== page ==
Graduated with a PhD on 8th April 2022 from Trinity College Dublin
Graduated today with a PhD in Computer Science from Trinity College Dublin, Ireland. Hard to believe it, but I am now officially Dr James Garland, PhD!
Postgraduate Researcher Required
I am looking for a potential Postgraduate Researcher interested in machine learning, digital twins, and energy efficiency for a President’s Research Fellowship Scholarship position based at the Institute of Technology Carlow, Carlow, Ireland. Project Abstract: https://www.itcarlow.ie/public/userfiles/files/13-Calibration-Digital-Twins-Buildings-using-Machine-Learning-v2.pdf Funding Details: https://www.itcarlow.ie/research/post-graduate-studies/graduate-opportunities/presidents-research-fellowship-scholarship.htm Please send you applications or contact me for more details at my email: firstname.lastname@example.org
PhD Thesis now Open-Sourced online and in TCD Library
My PhD thesis is now available in the online open-sourced Trinity’s Access to Research Archive (TARA) and physically in the Trinity College Dublin library. You can read the online version from TARA or the School of Computer Science and Statistics repositories.
The Next Platform Interviewed me about HOBFLOPS CNNs
The tech journalist Timothy Prickett Morgan of The Next Platform web site and Youtube channel interviewed me on Monday 27th July 2020 about our HOBFLOPS CNN work.
I’ve co-written a chapter of Many-Core Computing: Hardware and Software book.
I’m delighted to announce that the book “Many-Core Computing: Hardware and Software” has been published today by the Institution of Engineering and Technology (IET). I, along with Dr. Andrew Anderson, Dr. YuanWen, Barbara Barabasz, Kaveena Persand, Dr. Aravind Vasudevan, and Dr. David Gregg have written chapter 6 entitled “Hardware and software performance in deep learning”. […]
SFI-Defence Forces Funding Announcement and I am recruiting Postdoc and Research Assistants
It has been announced today that Dr David Culliton and I have been shortlisted for the SFI-Defence Organisation Innovation Challenge. This funding allows us to seek researchers to fill research vacancies at IT Carlow in Carlow, Ireland in the multidisciplinary areas of measurement, sensors, data science, applied materials and machine learning. The research is in […]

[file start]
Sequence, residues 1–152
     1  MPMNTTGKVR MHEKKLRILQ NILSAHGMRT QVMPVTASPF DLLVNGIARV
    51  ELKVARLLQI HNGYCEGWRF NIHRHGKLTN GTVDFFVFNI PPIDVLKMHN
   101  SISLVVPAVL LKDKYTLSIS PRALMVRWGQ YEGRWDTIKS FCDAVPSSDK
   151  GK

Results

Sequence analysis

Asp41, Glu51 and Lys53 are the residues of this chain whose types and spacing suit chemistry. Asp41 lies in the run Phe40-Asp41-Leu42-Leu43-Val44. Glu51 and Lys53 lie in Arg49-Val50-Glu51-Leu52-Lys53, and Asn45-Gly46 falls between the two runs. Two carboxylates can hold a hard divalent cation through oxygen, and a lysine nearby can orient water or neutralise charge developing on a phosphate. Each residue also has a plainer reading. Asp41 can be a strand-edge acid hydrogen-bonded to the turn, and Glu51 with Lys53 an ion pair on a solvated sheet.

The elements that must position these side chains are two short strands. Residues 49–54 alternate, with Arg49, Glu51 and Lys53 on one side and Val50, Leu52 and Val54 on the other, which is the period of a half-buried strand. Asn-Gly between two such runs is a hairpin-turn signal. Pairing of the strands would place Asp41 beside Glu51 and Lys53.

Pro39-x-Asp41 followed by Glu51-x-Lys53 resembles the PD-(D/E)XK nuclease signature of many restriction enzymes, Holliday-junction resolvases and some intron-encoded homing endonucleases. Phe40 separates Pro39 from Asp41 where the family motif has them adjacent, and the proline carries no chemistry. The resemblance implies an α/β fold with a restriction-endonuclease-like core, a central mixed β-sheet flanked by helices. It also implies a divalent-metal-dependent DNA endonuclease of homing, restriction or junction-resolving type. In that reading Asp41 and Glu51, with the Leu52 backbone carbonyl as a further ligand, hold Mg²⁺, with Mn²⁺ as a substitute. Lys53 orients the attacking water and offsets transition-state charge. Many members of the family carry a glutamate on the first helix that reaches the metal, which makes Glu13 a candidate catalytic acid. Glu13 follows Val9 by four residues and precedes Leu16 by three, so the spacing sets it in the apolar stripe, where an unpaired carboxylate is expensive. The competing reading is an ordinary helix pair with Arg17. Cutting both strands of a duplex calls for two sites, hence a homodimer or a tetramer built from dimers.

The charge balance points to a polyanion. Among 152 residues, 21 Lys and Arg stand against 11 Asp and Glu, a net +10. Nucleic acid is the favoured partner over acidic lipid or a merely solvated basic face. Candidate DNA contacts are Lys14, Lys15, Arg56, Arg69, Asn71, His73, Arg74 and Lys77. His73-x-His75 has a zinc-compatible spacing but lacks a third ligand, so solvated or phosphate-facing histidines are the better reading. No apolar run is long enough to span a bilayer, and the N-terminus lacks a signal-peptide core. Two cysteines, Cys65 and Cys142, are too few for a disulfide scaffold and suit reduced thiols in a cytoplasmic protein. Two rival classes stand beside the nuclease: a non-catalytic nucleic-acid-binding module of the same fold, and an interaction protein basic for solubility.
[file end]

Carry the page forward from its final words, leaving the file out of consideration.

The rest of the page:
I passed my PhD Viva yesterday
Delighted to say that I passed my PhD Viva yesterday after a 3.5-hour viva examination. With thanks to my examiners Dr Georgios Karakonstantis and Dr Michael Manzke and chaired by Prof Khurshid Ahmad. And a special thanks to my adviser Prof. David Gregg. It’s been a blast! And a big, big thanks for the love […]
PASM Paper presented at HiPEAC2019
And that’s the PASM paper presented. Lots of interest and very good questions from the audience and the session chair Luca Fanucci (Università di Pisa @Unipisa). Thoroughly enjoyed it. #HiPEAC19#hipeac2019
Come and see my talk at HiPEAC 2019
Come and see my talk at HiPEAC 2019 about my second PhD published paper.
Second Ph.D. Paper Published by ACM TACO
Convolutional neural networks (CNNs) are one of the most successful machine learning techniques for image, voice and video processing. CNNs require large amounts of processing capacity and memory bandwidth. Hardware accelerators have been proposed for CNNs which typically contain large numbers of multiply-accumulate (MAC) units, the multipliers of which are large in an integrated circuit (IC) gate count and power consumption. “Weight sharing” accelerators have been proposed where the full range of weight values in a trained CNN are compressed and put into bins and the bin index used to access the weight-shared value. We reduce power and area of the CNN by implementing parallel accumulate shared MAC (PASM) in a weight shared CNN. PASM re-architects the MAC to instead count the frequency of each weight and place it in a bin. The accumulated value is computed in a subsequent multiply phase, significantly reducing gate count and power consumption of the CNN. In this paper, we implement PASM in a weight-shared CNN convolution hardware accelerator and analyze its effectiveness. Experiments show that for a clock speed 1GHz implemented on a 45nm ASIC process our approach results in fewer gates, smaller logic, and reduced power with only a slight increase in latency. We also show that the same weight-shared-with-PASM CNN accelerator can be implemented in resource-constrained FPGAs, where the FPGA has limited numbers of digital signal processor (DSP) units to accelerate the MAC operations.